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This refers to your cover story on new interventions for dealing with perhaps the deadliest disease in the world (Cancer, Sept 18). Contrary to popular belief, cancer, like any disease, is not the end of life—in increasingly more cases, it is being cured. Doctors now see cancer as a disease of the genes and not organs. It is also a life-style disease. Lack of awareness, strange and erratic food habits, environment and occupational hazards play a major part in causing cancer. To detect it at the right time in the initial stage itself and stop it from spreading is fundamental and essential. Cancer could be somatic or hereditary. Somatic cancer is caused due to lifestyle—smoking, abnormal dietary habits, environmental risks—and hence can be controlled to some extent. But in hereditary cancer, people inherit gene mutation or abnormalities, there lifestyle may have nothing to do with it.
M.Y. Shariff, Chennai
It’s heartening to hear about new interventions in curing cancer. But, how effective are they going to be for the poor in India? Surely, they will cost a bomb. Most Indians take cancer as a disease of fate as they either cannot afford treatment or just do not have such facilities if they live in rural areas. Also, there is the cancer of corruption to be dealt with in hospitals which discourages the common man to approach even government hospitals.
Mahesh Kumar, New Delhi
Online saffron squads publicly celebrate a journalist’s murder—what have we come to!
Anil S., Pune
I must thank Mr Mani Sheshadri (A Counter, Letters, Sept 18) for hitting the bull’s eye, when he explains why the then ruler of Kashmir is not blamed for the problem. I was born in Kashmir in 1937 and remember the events of those tumultuous days. The younger generation of Kashmir have been fed the theory of Nehru being responsible for all the problems they are facing today. This is a distortion of history. In 1846, Kashmir was purchased for Rs 75 lakh from the British under the Treaty of Amritsar by Maharaja Gulab Singh, the Dogra ruler of Jammu. This Dogra rule ended in 1947 with the advent of Indian Independence. The problem arose when Maharaja Hari Singh (in photo) signed a standstill agreement with Pakistan, but did not sign the Instrument of Accession to India, and Pakistan took advantage of the situation to attack. Faced with an onslaught of raiders, the Maharaja signed the instrument on October 26, 1947. The army eventually threw out the raiders. Kashmir had never been part of Jammu historically speaking, and the people of Jammu as such had no love for Sheikh Abdullah, head of the temporary administration. They were more sympathetic towards the Maharaja, and were not inclined to blame him for the problem. The Praja Parishad of Jammu, founded by an RSS activist that same year, took advantage of this and began to frame Nehru as the root cause of all Kashmir’s ills. This has been the hallmark of Sangh philosophy in independent India. Like other readers, I might also have liked to express a wish of mine: What if the Sangh had participated in Indian Independence? But, as I learnt in school, “If wishes were horses, beggars would ride” .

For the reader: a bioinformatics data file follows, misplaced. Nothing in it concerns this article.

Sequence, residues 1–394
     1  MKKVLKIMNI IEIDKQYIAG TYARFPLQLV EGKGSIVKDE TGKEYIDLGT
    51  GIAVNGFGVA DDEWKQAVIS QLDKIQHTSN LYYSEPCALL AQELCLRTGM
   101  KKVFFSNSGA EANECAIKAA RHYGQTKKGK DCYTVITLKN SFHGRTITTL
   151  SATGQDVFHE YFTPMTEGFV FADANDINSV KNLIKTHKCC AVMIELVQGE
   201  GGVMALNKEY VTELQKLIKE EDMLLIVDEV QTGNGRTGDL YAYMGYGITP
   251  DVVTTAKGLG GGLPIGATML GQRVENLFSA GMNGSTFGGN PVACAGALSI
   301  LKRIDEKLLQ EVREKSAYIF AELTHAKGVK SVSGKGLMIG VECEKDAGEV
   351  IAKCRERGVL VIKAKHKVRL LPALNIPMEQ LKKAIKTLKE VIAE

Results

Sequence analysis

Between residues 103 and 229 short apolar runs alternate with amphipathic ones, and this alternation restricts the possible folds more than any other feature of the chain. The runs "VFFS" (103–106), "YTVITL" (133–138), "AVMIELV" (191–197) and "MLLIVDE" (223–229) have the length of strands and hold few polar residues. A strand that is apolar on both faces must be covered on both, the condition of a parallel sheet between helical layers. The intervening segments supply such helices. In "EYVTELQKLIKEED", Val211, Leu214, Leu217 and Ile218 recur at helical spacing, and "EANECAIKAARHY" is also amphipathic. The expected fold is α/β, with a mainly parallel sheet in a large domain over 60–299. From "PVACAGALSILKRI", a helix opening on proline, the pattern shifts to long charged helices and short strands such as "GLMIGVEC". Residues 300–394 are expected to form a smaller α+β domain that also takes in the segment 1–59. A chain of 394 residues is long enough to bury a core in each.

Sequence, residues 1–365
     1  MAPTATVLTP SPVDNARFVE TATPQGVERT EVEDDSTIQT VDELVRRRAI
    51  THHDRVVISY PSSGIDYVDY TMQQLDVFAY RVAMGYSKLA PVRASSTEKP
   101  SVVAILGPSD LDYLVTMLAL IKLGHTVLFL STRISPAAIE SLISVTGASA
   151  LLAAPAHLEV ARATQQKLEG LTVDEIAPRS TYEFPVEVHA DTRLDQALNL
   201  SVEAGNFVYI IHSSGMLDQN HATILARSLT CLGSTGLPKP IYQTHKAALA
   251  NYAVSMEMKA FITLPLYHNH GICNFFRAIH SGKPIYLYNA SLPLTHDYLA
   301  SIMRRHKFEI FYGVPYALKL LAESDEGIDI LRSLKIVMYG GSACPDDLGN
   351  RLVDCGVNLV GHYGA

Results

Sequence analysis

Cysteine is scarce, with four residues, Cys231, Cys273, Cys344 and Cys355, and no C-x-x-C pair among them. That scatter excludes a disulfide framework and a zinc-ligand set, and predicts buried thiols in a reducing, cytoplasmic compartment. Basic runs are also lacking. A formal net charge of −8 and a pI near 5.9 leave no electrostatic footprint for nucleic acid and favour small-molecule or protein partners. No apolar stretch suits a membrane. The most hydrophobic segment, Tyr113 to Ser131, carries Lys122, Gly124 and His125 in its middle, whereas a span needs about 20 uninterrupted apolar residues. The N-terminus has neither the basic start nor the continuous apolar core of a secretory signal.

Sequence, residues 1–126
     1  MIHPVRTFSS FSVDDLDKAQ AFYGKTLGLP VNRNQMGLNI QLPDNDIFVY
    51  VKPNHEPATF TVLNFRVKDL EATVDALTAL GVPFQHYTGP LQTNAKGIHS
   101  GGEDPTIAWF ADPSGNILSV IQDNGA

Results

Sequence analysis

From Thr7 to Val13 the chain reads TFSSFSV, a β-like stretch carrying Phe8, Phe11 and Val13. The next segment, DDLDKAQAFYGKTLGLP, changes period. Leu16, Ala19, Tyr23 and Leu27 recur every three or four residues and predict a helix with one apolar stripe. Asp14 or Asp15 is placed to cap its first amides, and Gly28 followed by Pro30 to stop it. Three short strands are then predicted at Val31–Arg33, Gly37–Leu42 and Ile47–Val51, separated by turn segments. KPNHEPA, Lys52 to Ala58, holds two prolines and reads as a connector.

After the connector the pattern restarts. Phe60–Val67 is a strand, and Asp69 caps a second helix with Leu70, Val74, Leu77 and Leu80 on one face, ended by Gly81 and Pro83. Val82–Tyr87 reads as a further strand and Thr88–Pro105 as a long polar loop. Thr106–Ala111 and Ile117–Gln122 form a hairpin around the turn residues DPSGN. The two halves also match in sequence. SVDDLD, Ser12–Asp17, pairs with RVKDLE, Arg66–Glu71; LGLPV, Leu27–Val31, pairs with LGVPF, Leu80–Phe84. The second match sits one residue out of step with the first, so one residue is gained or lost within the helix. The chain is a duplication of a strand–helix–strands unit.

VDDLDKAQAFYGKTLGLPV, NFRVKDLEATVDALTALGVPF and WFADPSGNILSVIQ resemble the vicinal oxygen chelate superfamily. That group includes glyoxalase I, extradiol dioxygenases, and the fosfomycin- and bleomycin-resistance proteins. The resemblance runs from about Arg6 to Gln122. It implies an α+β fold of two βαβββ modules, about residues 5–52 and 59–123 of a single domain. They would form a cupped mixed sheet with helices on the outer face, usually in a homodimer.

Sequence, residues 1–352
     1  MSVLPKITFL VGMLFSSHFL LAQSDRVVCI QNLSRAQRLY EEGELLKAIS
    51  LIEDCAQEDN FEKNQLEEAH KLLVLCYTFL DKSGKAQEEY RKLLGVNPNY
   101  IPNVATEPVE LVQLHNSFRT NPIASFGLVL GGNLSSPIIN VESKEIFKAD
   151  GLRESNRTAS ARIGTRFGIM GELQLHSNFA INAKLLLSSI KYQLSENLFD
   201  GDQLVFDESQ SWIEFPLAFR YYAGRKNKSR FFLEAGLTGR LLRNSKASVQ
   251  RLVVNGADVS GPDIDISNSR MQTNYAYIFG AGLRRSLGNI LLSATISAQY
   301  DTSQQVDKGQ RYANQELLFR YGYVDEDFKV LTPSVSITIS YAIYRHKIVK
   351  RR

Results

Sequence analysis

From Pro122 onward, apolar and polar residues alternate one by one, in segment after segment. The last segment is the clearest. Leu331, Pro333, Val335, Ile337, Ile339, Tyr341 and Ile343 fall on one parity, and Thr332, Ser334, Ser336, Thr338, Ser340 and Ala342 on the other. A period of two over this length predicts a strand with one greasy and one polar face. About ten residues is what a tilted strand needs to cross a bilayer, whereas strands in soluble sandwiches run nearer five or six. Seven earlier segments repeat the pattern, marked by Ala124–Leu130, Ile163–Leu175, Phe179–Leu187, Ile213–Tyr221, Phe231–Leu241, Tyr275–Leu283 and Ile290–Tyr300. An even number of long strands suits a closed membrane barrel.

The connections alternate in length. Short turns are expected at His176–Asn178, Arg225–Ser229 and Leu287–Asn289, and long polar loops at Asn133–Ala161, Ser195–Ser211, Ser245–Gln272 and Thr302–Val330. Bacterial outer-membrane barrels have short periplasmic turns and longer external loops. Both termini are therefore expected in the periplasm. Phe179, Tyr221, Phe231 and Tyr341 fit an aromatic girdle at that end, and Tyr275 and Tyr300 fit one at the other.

Bhushan Shishoo, Jaipur
This is with reference to Mea Culpa (Comment, Sept 25). “You, our letter writers are right and I am wrong. Health and education ought to be in the not-for-profit sector,” you say. During Vinod Mehta’s time, much of the brickbat letters were published. Though you agree that Outlook’s letter writers are ‘right’, no letters opposing your earlier argument in I-Day Fever (Comment, Aug 28) kissed printing ink.
V.N.K. Murti, Pattambi
Gauri Lankesh was a truly powerful voice who spoke up for the friendless and against the communalism that is unfortunately fast gaining ground in our country (No Bullets Can Fail Gauri’s Fury, Sept 18). The cold-blooded murder of this fearless journalist-activist brings back to the nation’s collective memory the killings of other intellectuals and rationalists. Had the governments brought to book their murderers, this formidable journalist, who spoke her mind without caring for consequences, would not have fallen prey to her killers’ bullet. Those who conspired to kill her with the very same gun they used on other intellectuals were confident that they’d get away with the crime. In this age, when a large section of journalists has turned pro-establishment to curry personal favours, Lankesh left behind a proud legacy of intrepid journalism and activism. The men who killed her were just instruments in the hands of their powerful masters.
Samiul Hassan Quadri, Bikaner